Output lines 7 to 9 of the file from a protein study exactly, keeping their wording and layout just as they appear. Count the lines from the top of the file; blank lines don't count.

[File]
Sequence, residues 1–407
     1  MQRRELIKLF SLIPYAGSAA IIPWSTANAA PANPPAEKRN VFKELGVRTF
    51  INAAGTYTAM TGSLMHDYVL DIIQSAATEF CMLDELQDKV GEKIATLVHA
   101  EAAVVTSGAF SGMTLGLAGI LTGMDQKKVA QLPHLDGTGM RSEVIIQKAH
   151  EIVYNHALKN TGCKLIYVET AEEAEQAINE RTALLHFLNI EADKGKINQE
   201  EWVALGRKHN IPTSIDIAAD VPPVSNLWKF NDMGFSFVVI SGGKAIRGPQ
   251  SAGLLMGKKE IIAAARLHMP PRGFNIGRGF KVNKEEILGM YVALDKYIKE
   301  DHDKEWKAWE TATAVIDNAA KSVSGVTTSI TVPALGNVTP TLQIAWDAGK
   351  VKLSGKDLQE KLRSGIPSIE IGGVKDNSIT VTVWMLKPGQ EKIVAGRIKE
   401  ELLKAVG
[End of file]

   251  SAGLLMGKKE IIAAARLHMP PRGFNIGRGF KVNKEEILGM YVALDKYIKE
   301  DHDKEWKAWE TATAVIDNAA KSVSGVTTSI TVPALGNVTP TLQIAWDAGK
   351  VKLSGKDLQE KLRSGIPSIE IGGVKDNSIT VTVWMLKPGQ EKIVAGRIKE